Great Cockney traditions

From Bow bells to jellied eels, you can’t beat a good old bit of Cockney tradition, the heart and soul of London’s culture and identity.

A load of cobbers’ awls (from a photo
by Dominique grassigli, CC BY-SA 3.0)

The term “Cockney” supposedly meant a cock’s egg (a yolkless one, in other words). It came to be used by red-necked country folk to mean a mollycoddled city boy. In the 1390s, Chaucer – who was himself from London, and lived above the gate at Aldgate – used it to mean a wimp in his Canterbury Tales. But by 1600, the term “Bow-Bell Cockney” had already come to mean an Eastender, or at any rate, a Londoner, no milksop but outwardly as hard as nails, even if they do have a heart of gold underneath.

St Mary-le-Bow church in 1837

“Bow bells”, as we’ve mentioned elsewhere, doesn’t mean the bells of Bow Church, but of St Mary-le-Bow on Cheapside in the City. In the fourteenth century, Dick Whittington could supposedly hear them from Highgate, but by the nineteenth, buildings, traffic and the prevailing wind meant they could only be heard from central and east London, and south as far as Lambeth and Bermondsey. Today, with so many more buildings and so much more noise, the area where you can hear the bells is much smaller, but a true Cockney is still East End born and bred. As for being born “within the sound” of Bow bells, an ingenious modern theory suggests it could actually mean the area between St Mary-le-Bow and Bow Church, which just happens to cover the East End pretty tidily.

Boracic lint

One of the most famous Cockney traditions of course is rhyming slang. It isn’t all that old, dating from around the 1840s. Supposedly it’s now in retreat, but the truth is that it’s still evolving. So if we don’t now go down the rubba(-dub), we can still drink at the battle(-cruiser), where we might nowadays have a Britney (Spear) rather than a pig’s (ear). And even though rhyming slang changes over time, it preserves plenty of relics.

Mutt and Jeff

Does anyone otherwise now know what boracic lint is, or why potatoes should be “in the mould”? And who still remembers Mutt and Jeff (a comic strip), or Tod Sloan (a jockey), or Rosie Lea (apparently not originally the American cabaret star of that name)? But if you’re a bit mutt or mutton, or you’re having a cup of rosie on your tod, their names live on, and quite right too.

Henry Croft

Another famous Cockney tradition is pearly kings and queens. The first pearly monarch was Henry Croft, a road sweeper from Somers Town, who made himelf a pearly suit back in the 1870s, and used it to go around raising money for charity. He got the idea from the costermongers (market traders, especially greengrocer’s), who elected “kings” as something like arbitrators and shop stewards, ran whip-rounds for the needy, and had a fashion of putting shiny buttons on their clothes, possibly as a piss-take of wealthy people’s bling.

Pearly kings & queens
in Covent Garden (by
Garry Knight CC BY 2.0)

One mudlarky story goes that Croft found a crate of pearly buttons washed up on the Thames foreshore. Either way, he made himself a pearly suit, and so the tradition was born. London’s original pearly kingdoms were its 28 metropolitan boroughs, starting with Croft’s own borough of St Pancras. And like all monarchies, pearly monarchies are hereditary, passed down in the family, and London’s pearly kings and queens continue their charitable work (and fashion statement) to this day.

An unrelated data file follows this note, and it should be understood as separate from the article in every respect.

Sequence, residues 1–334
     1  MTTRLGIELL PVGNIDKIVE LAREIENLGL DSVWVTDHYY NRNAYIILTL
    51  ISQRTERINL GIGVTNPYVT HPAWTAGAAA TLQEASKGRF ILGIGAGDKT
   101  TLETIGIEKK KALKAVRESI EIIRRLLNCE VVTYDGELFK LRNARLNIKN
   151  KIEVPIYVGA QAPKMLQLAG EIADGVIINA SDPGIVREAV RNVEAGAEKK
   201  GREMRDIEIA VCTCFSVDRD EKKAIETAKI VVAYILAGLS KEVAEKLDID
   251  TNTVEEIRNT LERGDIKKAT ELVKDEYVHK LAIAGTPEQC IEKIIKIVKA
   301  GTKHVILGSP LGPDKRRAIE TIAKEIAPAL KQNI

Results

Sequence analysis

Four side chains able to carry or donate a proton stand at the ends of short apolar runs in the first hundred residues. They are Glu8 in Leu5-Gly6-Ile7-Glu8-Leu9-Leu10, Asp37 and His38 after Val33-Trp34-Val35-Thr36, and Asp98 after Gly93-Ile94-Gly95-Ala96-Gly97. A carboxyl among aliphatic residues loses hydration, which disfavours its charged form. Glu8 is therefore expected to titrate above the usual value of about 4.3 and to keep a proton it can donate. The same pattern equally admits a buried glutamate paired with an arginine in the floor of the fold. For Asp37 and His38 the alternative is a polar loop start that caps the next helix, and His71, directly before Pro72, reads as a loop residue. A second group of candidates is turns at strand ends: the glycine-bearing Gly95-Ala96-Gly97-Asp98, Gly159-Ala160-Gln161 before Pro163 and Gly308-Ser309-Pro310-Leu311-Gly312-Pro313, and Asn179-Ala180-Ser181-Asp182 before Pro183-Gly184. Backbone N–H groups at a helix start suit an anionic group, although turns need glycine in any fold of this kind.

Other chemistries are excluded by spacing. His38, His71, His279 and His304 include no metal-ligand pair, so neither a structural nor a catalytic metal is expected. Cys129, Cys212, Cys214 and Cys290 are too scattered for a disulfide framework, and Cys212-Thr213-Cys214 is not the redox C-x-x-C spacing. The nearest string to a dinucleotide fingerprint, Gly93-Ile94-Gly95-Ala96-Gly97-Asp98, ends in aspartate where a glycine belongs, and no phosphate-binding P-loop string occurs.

Tubby Isaacs’ jellied eels
(from a photo
by Gideon, CC BY 2.0)

Culinarily speaking, the East End is traditionally known above all for two great delicacies: pie and mash, and jellied eels. Eels were one of the few fish that could easily be found in the Thames, they were easy to hook, and they were cheap. Alas, that is no longer the case. In the twenty-Os, the Thames’s eel population took a 98% dive, for reasons unknown. Even cocaine users’ urine was blamed, and it’s true the River does pass the Houses of Parliament. But whatever the reason, most eels are now imported. They’re gutted, sliced up, and stewed in herb-infused water. In principle the collagen from their bones should be enough to jellify the water when chilled, but nowadays a bit of gelatin is usually added to help it out.   

Pie, mash and liquor (by wonker, CC BY 2.0)

The first known “eel pie house” was operating at 101 Union Street in Southwark by 1844 (Eel Pie Island in Twickenham also had one for day-tripping Cockneys), but it was on Baker’s Row in Clerkenwell in 1862 that Frederick Cooke opened what seems to have been the first modern-style pie and mash shop, with meat pies and liquor. Cooke’s family still run one in Hoxton and one in Romford, closing their Hackney branch in 2020 while opening one for the Cockney diaspora out in Chelmsford, Essex (not the furthest-flung pie and mash shop we know of: there’s also one in Philadelphia PA). The other great pie and mash dynasties are the Kelly and Manze families. Manze’s in Bermondsey is London’s oldest surviving pie and mashery. As well as the traditional meat pies, most now offer veg versions too, plus parsley liquor of course, and eels (stewed or jellied) on the side if you want them. 

Manze’s in Peckham

So, while it may have changed over the years, and shifted eastwards a bit, the Cockney tradition is still going strong. It's had its Rebels and its Rejects, and it’s even got its own alphabet. And the whole of our wider London culture is based on it. It’s true that the great Cockney knees-up has given way to raves, clubs and karaoke, and some have claimed that Cockney culture is now dying, apparently because it’s absorbing Bangladeshi influences, but that’s its nature; it's taking in Bengali influences just as it previously absorbed those of Yiddish and Romany, and you won’t put the mockers or the cosh on that.